Bachad's HQ moves to London!
Following the violence of Kristallnacht (9-10 November, 1938), all but two of Bachad's hachsharot (Geringshof and Steckelsdorf) were closed - and these only continued under very restricted conditions under the tight supervision of the Gestapo. Jews were trying to flee Germany as never before. Jewish leaders, along with some from the Christian community, including a significant number of Quakers, began putting pressure on the British Government to 'do something'! A number of schemes resulted, later collectively known as the Kindertransport, by which the British government granted entry to around 10,000 unaccompanied children from Germany, Austria and Czechoslovakia. This development was of particular interest to Bachad and also to another organisation with whom it had been cooperating since the mid-1930s: Youth Aliyah.
Bachad leader, Arieh Handler, who had previously been granted permission by the Gestapo to travel to the various hachsharah farms (including to Bachad's centres elsewhere in Europe), happened to be out of the country (in Jerusalem, in fact) when Kristallnacht took place. He received a telegram informing him of the violence and arrests that had taken place and was instructed not to come back! At the suggestion of Henrietta Szold, Arieh proceeded to London with letters of introduction to key figures in the Jewish community. There, from an office in Woburn House, close to the hub of the Refugee Movement in London, he set about networking and organising. The need to find placements for Orthodox children amongst the 10,000 children permitted to enter the U.K. via the Kindertransport schemes from early 1939 tested Handler's organisational skills to the limit - he was determined to provide places of refuge (ideally, hachsharah training farms) for as many of the children from observant families as possible.
The most famous and largest hachsharah over which Bachad had some, but not complete autonomy in terms of management, was Grwych Castle, Abergele, North Wales (August 1939 -1941) - more recently in the limelight due to it having been used as the venue for 'I'm a Celebrity, Get Me Out of Here'! Conditions were very grim to begin with, as the place had been uninhabited for many years! Another hachsharah formed early on was at Gorman's Farm, Millisle, Co. Down, Northern Ireland. A number of Bachad members who had previously been on hachsharah in Germany ended up there.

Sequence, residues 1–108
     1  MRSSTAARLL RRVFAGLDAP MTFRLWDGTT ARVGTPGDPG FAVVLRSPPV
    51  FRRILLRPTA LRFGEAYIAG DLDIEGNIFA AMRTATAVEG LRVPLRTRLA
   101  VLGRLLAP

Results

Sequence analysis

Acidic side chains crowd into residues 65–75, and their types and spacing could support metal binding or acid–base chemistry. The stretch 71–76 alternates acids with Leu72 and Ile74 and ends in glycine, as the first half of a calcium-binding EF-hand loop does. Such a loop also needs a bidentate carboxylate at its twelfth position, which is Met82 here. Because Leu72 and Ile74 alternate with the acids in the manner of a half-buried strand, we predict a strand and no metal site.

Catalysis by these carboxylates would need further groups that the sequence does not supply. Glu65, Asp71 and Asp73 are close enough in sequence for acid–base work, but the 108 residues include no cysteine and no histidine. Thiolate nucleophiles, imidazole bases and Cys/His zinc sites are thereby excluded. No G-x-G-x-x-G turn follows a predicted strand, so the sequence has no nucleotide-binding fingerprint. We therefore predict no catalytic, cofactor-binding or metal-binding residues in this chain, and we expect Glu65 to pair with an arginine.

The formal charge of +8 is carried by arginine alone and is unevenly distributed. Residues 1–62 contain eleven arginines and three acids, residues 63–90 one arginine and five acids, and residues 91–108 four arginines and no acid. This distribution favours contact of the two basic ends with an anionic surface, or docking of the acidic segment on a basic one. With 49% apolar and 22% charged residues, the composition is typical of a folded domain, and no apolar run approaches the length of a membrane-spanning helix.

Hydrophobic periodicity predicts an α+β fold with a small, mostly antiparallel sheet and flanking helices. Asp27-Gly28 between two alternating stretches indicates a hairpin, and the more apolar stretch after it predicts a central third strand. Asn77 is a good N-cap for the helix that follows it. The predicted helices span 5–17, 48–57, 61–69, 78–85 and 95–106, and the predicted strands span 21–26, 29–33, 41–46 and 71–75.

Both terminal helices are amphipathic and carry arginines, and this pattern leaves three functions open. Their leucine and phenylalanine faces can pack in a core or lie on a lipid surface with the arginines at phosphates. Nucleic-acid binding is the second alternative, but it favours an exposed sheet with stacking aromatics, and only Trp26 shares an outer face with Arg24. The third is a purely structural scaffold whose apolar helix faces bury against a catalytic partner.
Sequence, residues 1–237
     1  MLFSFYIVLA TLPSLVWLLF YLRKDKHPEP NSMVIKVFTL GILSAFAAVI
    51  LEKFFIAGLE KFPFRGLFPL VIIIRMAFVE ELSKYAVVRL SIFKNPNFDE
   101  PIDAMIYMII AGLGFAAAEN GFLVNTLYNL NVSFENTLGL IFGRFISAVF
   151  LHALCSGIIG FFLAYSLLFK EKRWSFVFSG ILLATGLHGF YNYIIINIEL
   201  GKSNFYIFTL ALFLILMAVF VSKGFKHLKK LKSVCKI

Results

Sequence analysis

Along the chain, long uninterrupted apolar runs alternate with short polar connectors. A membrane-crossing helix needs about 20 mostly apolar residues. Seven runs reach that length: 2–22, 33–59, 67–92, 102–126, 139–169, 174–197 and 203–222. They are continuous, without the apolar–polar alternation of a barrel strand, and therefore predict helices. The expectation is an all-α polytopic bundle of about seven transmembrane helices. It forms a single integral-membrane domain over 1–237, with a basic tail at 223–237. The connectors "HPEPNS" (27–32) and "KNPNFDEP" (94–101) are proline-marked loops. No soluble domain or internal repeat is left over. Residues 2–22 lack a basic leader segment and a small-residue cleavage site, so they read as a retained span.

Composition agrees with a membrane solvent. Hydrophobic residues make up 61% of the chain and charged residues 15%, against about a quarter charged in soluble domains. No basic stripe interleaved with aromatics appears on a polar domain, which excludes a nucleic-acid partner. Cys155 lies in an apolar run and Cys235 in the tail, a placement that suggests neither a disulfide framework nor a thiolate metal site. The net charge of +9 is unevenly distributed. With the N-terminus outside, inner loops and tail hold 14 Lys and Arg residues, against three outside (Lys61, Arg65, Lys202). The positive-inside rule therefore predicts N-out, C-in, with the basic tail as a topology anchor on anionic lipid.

Bachad's first hachsharah in the UK was in fact Thornham Fold Farm, set up with the help of the Manchester Jewish community in February1939. It was located near Castleton, Rochdale, on very exposed land overlooking the city. Again, conditions were very spartan. One of those billeted there recalled that he'd woken up one morning to find snow on his bed! Mercifully, this ceased to be a hachsharah in 1942.
By this time, a few other hachsharot had been established: St. Asaph, Ruthin and Rosset (all in Flintshire, N. Wales); Kynnersley, Shropshire, Maidsmoreton, Buckingham and Avoncroft College, Bromsgrove. These took in members from the hachsharot that were closing (Gwrych Castle (1942); Whittingehame, East Lothian (1941); Later on, hachsharot were established at Ollerton and Dockenfield, but Bromsgrove and Buckingham were by far the largest. Nearly all these places served as accommodation bases for the members - run like mini-kibbutzim - from which agricultural work (on-the-job training) was found with local farmers. Not only were members working towards their goal of eventually getting to Eretz Israel, but they had the satisfaction of knowing that they were contributing to the important task of wartime food production! (That's if they'd managed to avoid being interned as 'Enemy Aliens'!)
Arieh Handler was hatching a grander plan, however. What Bachad needed, was a farm of its own, which could be run exactly in line with Bachad's religious ideals. For this, Arieh needed the help of some well-established businessmen! To achieve this, he set up the Bachad Fellowship in 1942, and appointed as chairman, Oscar Philipp (co-owner of the international metals company, Philipps Brothers). This over-seeing committee set about fund-raising and garnering support of the Jewish community, including the Chief Rabbi. At long last, in September 1944, they purchased a run-down farm at Thaxted, Essex, which soon became Bachad's 'flagship' hachsharah - The Bachad Farm Institute, Thaxted, Essex. In addition to training Bachad members for Aliyah, it was a place to which many groups in the Jewish community came on visits. It also inspired many members of Bachad's junior movement, Bnei Akiva, to come, firstly to attend harvesting camps or annual meetings (Pegishot), but then, when they were old enough, to join the hachsharah and prepare for Aliyah to one of the by-now-established religious kibbutzim in Israel.